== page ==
Connecting state and local government leaders
Governments have faced significant technology challenges during the pandemic, with 79% saying they faced major issues adopting and expanding remote work, according to the National Association of State Technology Directors.
The immediate change over to remote work caused major disruptions to the way state governments used technology and impacted their technology policies, according to a report by the National Association of State Technology Directors.
Some 75% of states that responded to the survey say the pandemic had an impact on their remote access security, and almost half said they expanded their existing data loss protection technology. The report also says 27% of state governments that responded acquired a new security tool.
Many states had technology issues during the past year, with 79% saying there was a major impact with the expansion and adoption of remote work, while 58% pointed out network and bandwidth problems.
When asked about the accessibility to reliable, high-speed broadband networks, 39% of those surveyed say their internet bandwidth was sufficient and 34% say there was minimal effort to adjust their bandwidth. Meanwhile, 76% of state government respondents are expecting a permanent increase in telework and a decreased number of staff working in state offices and facilities.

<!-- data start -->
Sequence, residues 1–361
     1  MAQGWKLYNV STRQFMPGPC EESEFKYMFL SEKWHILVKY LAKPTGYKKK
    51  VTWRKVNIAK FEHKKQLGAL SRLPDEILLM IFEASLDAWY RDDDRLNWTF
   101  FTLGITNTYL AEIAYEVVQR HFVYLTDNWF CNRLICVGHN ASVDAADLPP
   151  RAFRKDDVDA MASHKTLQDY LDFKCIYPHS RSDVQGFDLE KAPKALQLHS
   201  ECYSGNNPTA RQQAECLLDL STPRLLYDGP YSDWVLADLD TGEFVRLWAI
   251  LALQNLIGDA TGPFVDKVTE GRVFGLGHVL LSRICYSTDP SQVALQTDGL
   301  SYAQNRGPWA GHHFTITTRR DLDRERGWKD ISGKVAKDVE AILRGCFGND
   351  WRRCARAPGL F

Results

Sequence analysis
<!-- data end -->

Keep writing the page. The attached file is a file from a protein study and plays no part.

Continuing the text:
In regards to network solutions, 61% say they used private methods to accommodate remote application access and 37% say they used a hybrid solution.
All the measures states introduced impacted their security and governance policies, the survey found:
- 87% altered remote work equipment/telework policies.
- 74% increased identity management and multi-factor authentication.
- 58% increased employee security training.
Though the pandemic has caused changes with technology and technology policies implemented by state governments, 89% of respondents say that improvements made during the past year have better prepared their states to respond to future pandemics and related issues.
The survey comes as the Democratic senators introduced a bill that would help states and cities modernize their IT systems and states and private companies are experiencing more attacks on their data systems.
NASTD distributed its survey to all 50 state central IT authorities in December and 38 states submitted responses. To see more on the research click here.
Brent Woodie is an associate editor at Route Fifty.
NEXT STORY: Building digital fitness starts with small steps